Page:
The Great Star Trek TNG Rewatch: The Perfect Mate

And…we’re back.

The Enterprise has agreed to host a reconciliation ceremony between two warring planets, only to discover that the ‘gift’ they are transporting in their cargo bay is not an item, but a woman. Kamala is an ‘empathic metamorph’, a rare genetic mutation able to sense the thoughts of men and become the perfect mate of the one she ultimately bonds with. But when she is awakened from stasis too soon, she begins to bond not with her destined husband, but with Captain Picard.

As far as I remembered, I liked this episode. It isn’t often that Picard gets a romantic encounter, and so this was going to be a novelty. Unfortunately, returning to it in the twenty-first century reveals that it leaves much to be desired.

Unsurprisingly, the episode is completely heteronormative, with female empathic metamorphs only affecting and bonding with men, and presumably vice versa. The plot itself is essentially Elaan of Troyius: The Next Generation, and even though Beverly is on hand to voice the viewer’s concerns about Kamala’s role in life, ultimately it is just an episode about a woman who exists to please men. The Ferengi are also completely pointless, existing as they do not for any subplot, but just as a convenient way to trigger the main story.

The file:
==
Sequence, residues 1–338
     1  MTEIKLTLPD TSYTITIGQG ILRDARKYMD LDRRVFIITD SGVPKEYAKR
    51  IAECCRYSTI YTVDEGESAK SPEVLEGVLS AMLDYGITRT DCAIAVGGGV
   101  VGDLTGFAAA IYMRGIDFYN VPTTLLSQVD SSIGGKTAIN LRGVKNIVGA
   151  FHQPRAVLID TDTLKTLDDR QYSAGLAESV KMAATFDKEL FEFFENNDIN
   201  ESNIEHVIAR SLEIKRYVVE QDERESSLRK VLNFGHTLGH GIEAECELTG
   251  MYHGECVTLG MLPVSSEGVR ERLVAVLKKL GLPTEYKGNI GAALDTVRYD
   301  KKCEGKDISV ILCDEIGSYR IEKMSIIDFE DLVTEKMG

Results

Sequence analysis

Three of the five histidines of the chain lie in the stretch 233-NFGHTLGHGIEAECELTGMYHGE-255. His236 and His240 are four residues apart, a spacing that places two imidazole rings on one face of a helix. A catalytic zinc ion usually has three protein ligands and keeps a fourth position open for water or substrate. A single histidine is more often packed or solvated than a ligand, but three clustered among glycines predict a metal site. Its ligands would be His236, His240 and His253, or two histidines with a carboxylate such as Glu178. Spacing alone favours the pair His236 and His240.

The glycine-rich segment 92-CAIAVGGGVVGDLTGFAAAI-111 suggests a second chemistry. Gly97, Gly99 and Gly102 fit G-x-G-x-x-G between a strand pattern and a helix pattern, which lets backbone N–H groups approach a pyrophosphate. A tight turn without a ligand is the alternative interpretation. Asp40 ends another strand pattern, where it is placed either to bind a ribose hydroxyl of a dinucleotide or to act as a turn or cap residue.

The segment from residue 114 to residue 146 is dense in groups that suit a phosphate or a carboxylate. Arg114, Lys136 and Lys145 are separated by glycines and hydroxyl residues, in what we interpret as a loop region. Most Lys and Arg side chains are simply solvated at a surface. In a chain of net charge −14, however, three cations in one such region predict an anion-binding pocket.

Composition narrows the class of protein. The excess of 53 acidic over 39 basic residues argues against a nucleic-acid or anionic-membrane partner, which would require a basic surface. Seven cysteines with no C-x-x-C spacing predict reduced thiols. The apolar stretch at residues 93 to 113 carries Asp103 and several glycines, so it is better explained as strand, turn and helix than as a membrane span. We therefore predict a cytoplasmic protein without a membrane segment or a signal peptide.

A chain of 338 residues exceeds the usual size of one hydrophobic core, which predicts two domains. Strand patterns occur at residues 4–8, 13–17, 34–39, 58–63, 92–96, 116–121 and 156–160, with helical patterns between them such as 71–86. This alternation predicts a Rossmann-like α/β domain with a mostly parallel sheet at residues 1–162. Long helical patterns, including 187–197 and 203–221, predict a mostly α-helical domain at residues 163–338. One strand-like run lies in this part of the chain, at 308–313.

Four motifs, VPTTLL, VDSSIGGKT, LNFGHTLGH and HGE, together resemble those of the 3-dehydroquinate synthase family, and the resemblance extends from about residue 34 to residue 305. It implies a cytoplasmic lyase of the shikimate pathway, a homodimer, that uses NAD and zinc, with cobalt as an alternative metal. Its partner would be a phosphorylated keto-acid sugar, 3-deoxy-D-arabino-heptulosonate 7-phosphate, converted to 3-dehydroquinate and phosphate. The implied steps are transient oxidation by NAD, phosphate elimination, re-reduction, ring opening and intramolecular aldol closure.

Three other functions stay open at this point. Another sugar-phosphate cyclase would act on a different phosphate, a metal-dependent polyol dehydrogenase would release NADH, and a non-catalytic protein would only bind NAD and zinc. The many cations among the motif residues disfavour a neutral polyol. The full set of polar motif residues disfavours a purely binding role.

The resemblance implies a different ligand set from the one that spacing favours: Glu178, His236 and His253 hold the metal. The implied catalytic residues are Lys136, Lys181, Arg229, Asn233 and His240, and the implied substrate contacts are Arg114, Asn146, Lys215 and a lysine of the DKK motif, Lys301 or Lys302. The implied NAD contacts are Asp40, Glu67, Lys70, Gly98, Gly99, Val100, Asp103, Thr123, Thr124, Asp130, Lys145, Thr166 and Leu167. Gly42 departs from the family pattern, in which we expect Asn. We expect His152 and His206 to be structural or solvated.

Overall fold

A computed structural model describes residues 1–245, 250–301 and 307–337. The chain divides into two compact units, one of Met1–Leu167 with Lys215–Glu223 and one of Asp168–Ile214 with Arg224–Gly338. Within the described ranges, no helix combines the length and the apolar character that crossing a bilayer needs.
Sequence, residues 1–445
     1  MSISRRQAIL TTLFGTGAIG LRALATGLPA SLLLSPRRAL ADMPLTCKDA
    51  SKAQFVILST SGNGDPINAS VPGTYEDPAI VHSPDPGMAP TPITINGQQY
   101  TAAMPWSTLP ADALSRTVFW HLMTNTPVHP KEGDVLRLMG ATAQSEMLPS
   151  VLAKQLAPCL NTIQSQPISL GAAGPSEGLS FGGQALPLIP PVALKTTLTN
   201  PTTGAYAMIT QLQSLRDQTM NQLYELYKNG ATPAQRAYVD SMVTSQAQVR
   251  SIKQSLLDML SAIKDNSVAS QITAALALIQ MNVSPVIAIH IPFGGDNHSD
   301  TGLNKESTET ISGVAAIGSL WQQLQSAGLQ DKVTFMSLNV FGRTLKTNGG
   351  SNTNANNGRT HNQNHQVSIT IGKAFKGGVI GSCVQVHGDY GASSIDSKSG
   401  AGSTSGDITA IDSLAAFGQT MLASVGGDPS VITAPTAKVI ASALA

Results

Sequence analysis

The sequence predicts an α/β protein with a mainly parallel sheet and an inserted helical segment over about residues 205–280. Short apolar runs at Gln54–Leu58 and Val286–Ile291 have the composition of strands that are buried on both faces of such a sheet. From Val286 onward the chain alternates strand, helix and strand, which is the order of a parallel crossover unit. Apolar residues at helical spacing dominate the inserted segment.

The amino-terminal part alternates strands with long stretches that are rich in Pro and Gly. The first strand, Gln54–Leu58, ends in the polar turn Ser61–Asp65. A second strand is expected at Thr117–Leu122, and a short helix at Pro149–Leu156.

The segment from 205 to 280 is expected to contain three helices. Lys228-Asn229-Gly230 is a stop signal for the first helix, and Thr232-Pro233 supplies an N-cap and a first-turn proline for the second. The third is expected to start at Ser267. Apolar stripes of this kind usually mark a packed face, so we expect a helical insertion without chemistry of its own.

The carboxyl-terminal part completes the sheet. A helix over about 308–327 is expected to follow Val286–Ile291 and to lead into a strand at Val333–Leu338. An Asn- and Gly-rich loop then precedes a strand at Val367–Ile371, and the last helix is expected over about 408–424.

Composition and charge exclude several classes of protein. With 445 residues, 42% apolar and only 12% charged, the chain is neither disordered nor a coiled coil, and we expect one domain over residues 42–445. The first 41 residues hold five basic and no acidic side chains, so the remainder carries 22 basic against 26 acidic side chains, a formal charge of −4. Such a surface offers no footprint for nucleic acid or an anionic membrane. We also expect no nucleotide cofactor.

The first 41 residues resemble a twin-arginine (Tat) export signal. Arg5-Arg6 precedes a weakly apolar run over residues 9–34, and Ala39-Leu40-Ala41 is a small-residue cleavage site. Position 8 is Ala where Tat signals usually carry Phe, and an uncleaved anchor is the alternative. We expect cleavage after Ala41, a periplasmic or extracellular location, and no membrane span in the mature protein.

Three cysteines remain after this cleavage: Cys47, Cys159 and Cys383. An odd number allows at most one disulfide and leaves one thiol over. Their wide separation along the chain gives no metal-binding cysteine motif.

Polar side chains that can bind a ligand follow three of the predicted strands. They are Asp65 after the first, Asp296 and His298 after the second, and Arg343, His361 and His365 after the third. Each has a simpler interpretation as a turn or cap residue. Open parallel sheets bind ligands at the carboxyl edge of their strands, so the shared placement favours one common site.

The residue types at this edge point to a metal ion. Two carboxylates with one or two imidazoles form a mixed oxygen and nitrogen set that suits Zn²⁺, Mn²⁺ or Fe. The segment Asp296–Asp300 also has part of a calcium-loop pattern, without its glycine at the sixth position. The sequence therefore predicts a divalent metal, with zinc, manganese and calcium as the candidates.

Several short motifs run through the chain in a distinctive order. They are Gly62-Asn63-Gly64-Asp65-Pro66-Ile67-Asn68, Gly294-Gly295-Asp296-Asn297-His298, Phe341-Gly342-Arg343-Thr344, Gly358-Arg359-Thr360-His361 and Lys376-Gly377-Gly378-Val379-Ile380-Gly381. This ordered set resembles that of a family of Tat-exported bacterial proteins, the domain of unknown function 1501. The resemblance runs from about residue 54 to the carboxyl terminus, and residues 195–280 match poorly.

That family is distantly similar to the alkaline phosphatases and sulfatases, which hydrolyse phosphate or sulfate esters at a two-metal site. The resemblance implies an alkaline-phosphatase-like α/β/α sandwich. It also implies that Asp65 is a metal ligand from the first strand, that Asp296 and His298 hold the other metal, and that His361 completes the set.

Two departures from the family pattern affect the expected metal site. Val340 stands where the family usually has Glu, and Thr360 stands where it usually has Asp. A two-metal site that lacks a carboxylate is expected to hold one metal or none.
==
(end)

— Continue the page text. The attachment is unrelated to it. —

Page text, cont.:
When will they ever learn?

  • Once again, an unfriendly alien race is allowed to wander the Enterprise freely. How many times do I have to stress the importance of access controls?
  • Riker shows his unenlightened racist side when he requests that the Ferengi are not given quarters anywhere near him. Hating the Ferengi – the last acceptable prejudice.
  • Picard claims to not be very good at performing in front of people – nice ironic nod to Patrick Stewart’s status as a successful actor, but clearly false. He’s a galaxy-class negotiator who has proven well able to perform under pressure – that’s why he’s captain of the Federation flagship.

Sheer filth

“We learn so quickly what stimulates a man.”

“I don’t want to use you as other men do.”

“I find myself hoping that the next man won’t come in.”

“It’s there for you, Jean-Luc. It always has been.”

Summary – The Perfect Mate: Picard must spend the rest of his days knowing his perfect woman is married to another man.

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